From the car park, we take a stroll along the boardwalk beneath the tree canopy, listening to the chorus of birdsong. After just a few seconds, we reach the Mirror Lakes, and on a calm day, they put on an incredible display of their world-famous mirror imitation. The surrounding Earl Mountains provide an excellent reflection in the water, and on particularly calm days, it's nearly impossible to distinguish the reflection from the mountains themselves.

Mirror Lakes on the way to Milford Sound, Luxe Tours NZ

Katelyn, our Guest Experience Manager, took a brilliant photo here on a previous trip, and I like to challenge our guests to beat her photo and take home a prize. I really enjoy dishing out tips on how to achieve the perfect Mirror Lakes photo. 

Mirror Lakes is not all about perfect pictures, though, because this stop is also a great opportunity to appreciate all the forest bird songs and view some of the wildlife that have taken up residence in and around the pools. We can often hear kākā, NZ’s large forest parrot, causing a ruckus in the forest, and sometimes when looking up, you can see their silhouettes against the sky as they fly through the treetops. Tūī and bellbirds are also abundant here, and there are often friendly and curious Robins on the ground hopping right up to our feet. In the pools, we can often spot trout and native long-fin eels slithering along the bottom, as well as native Paradise ducks and Scaup, NZ’s smallest duck

Knobs Flat

We then load back into the van again and continue through Eglinton Valley to Knobs Flat, one of my favourite stops on the road to Milford Sound. Here is where the workers building the Milford Road and Homer Tunnel camped until the 1980’s. Today, there is accommodation available here, and it's a popular accommodation option for hunters and fishers in the area, especially with the Eglinton River just across the road. There are also populations of long-tailed and short-tailed bats living here, the only native land mammals in New Zealand, and I enjoy talking about them with the guests.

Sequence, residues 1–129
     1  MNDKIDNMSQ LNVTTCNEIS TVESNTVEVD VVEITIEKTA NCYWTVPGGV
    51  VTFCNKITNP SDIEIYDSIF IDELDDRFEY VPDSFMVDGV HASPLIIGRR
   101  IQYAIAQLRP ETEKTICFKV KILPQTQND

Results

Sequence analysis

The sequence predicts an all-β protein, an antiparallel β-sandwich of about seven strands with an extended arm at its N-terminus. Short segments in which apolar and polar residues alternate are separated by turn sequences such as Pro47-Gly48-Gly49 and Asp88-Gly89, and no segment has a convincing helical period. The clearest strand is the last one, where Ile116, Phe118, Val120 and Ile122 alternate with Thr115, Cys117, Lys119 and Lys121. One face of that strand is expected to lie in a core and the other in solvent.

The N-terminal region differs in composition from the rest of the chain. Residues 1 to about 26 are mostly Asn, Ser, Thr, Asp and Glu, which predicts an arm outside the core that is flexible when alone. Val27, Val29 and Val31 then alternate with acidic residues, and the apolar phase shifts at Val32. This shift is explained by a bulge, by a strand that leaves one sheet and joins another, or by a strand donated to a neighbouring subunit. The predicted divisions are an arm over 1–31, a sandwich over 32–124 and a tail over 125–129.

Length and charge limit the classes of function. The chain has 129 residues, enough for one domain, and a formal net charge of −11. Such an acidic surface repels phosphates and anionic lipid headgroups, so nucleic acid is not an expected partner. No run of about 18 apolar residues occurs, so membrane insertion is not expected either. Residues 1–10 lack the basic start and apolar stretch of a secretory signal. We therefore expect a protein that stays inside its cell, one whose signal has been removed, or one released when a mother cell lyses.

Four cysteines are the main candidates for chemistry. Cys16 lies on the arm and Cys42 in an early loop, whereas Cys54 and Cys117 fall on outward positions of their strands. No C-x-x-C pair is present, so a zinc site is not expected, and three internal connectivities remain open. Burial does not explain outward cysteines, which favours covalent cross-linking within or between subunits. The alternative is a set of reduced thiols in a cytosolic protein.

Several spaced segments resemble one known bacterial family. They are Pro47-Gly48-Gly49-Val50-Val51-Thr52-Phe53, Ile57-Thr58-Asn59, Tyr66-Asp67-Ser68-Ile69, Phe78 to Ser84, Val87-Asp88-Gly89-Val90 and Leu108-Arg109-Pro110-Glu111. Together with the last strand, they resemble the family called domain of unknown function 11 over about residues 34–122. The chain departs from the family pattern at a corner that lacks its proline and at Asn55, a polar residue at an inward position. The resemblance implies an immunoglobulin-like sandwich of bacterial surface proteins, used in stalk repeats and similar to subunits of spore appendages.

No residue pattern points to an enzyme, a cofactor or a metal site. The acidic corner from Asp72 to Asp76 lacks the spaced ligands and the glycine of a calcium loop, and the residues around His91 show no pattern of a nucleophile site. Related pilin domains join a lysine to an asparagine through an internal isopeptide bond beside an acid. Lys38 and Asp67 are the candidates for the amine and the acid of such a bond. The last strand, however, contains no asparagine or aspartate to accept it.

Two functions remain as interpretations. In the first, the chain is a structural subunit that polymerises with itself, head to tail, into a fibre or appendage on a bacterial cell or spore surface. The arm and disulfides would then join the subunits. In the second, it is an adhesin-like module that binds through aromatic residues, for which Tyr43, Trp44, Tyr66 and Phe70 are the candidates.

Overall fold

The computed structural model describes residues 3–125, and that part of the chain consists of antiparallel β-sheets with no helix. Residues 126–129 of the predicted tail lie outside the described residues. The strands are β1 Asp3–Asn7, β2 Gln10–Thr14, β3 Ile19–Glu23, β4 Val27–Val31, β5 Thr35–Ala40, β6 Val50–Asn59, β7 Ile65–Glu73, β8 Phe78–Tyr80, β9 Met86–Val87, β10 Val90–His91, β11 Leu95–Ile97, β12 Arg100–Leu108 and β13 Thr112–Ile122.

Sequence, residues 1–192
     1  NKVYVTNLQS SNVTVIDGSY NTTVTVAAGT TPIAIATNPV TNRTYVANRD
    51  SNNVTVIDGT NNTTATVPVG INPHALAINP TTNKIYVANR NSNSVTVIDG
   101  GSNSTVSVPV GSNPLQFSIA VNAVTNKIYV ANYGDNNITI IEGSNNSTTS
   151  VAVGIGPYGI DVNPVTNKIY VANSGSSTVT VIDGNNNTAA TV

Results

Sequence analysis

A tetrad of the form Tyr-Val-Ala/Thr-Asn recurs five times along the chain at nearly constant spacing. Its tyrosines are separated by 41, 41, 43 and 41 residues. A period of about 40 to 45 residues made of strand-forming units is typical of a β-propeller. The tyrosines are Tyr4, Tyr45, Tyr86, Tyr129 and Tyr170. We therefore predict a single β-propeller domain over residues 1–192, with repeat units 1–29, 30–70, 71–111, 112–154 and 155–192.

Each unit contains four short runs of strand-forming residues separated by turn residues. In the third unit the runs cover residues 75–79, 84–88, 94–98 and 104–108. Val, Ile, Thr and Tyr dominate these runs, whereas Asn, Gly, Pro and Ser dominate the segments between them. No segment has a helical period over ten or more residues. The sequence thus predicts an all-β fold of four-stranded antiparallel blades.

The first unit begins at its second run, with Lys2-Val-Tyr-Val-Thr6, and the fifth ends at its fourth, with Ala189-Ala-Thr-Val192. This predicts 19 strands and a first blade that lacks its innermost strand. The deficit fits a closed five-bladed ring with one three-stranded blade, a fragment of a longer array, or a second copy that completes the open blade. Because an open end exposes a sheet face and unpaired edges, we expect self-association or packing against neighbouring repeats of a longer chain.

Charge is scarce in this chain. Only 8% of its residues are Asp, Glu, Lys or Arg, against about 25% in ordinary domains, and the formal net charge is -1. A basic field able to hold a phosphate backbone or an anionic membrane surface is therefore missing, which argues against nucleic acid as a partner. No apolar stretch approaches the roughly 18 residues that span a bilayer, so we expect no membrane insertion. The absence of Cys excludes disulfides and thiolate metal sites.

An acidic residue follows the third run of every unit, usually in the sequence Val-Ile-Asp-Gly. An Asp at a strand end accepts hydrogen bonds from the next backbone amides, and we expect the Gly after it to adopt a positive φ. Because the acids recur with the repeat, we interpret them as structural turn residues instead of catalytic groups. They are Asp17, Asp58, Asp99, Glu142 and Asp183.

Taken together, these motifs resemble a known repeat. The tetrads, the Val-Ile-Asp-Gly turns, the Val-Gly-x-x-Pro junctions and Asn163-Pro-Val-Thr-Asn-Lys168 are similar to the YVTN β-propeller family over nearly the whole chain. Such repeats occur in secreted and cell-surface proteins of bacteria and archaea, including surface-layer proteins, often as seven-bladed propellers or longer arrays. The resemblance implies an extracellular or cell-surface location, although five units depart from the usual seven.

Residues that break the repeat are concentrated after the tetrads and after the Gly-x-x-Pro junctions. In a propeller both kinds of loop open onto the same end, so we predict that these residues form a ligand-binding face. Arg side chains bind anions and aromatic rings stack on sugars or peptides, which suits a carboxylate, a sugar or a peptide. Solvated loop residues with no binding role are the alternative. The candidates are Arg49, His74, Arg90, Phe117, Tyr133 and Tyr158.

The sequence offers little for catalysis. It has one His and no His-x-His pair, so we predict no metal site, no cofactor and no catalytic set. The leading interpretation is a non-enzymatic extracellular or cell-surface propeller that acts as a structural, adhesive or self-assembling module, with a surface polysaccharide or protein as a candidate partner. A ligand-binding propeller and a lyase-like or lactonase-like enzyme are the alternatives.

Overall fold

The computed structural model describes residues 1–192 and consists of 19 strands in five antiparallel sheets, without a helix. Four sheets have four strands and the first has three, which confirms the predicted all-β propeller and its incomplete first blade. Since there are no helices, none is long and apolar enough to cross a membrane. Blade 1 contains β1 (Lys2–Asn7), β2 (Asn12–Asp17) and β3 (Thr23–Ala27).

Looking out from the visitor's centre to the left, you can see a series of small hills below the mountains which are where a retreating glacier left its final mark on the valley. These “knobs” gave the area its name and were formed when glacial meltwater washed gravel into the hollows the glacier left behind. 

This is a favourite fishing and camping spot of mine because the unique, dynamic environment is always changing, and I witnessed it firsthand during a recent camping trip down by the river with my son. Rain was forecast for overnight, but we had no idea there would be such a downpour. We woke up to find one whole section of the riverbank had been completely washed away, revealing a whole new look for that river section. 

I also love this spot because we bring guests down here to enjoy morning tea in peace beside the river. Larger vehicles & the big buses can’t get down to the riverside, so it’s the perfect opportunity to break away from any crowds and enjoy the tranquil setting amongst the tussocks, birdsong, and the bubbling river in front of us with a backdrop of tree-cloaked mountains. Getting to start so many mornings like this and sharing it with our guests is one of the greatest parts of my job as a guide and the perfect beginning to the incredible journey along the Milford Road

Want to join me in my office (our beautiful Luxe small group coaches)? Check out our full Milford Sound Tour here.